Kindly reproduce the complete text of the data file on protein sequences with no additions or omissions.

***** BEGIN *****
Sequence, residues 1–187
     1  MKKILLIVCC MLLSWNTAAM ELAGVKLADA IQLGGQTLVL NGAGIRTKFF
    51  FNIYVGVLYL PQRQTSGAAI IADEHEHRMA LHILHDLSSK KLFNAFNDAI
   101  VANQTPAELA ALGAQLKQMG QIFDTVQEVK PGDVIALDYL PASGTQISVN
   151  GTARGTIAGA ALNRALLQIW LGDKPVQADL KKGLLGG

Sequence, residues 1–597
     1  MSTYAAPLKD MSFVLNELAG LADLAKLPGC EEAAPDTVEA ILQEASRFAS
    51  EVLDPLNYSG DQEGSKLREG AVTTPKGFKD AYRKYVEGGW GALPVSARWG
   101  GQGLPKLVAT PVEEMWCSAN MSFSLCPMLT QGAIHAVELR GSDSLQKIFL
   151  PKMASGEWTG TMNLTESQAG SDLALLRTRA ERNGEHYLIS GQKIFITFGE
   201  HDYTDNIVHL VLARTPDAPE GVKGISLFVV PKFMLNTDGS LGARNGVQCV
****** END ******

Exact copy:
Sequence, residues 1–187
     1  MKKILLIVCC MLLSWNTAAM ELAGVKLADA IQLGGQTLVL NGAGIRTKFF
    51  FNIYVGVLYL PQRQTSGAAI IADEHEHRMA LHILHDLSSK KLFNAFNDAI
   101  VANQTPAELA ALGAQLKQMG QIFDTVQEVK PGDVIALDYL PASGTQISVN
   151  GTARGTIAGA ALNRALLQIW LGDKPVQADL KKGLLGG

Sequence, residues 1–597
     1  MSTYAAPLKD MSFVLNELAG LADLAKLPGC EEAAPDTVEA ILQEASRFAS
    51  EVLDPLNYSG DQEGSKLREG AVTTPKGFKD AYRKYVEGGW GALPVSARWG
   101  GQGLPKLVAT PVEEMWCSAN MSFSLCPMLT QGAIHAVELR GSDSLQKIFL
   151  PKMASGEWTG TMNLTESQAG SDLALLRTRA ERNGEHYLIS GQKIFITFGE
   201  HDYTDNIVHL VLARTPDAPE GVKGISLFVV PKFMLNTDGS LGARNGVQCV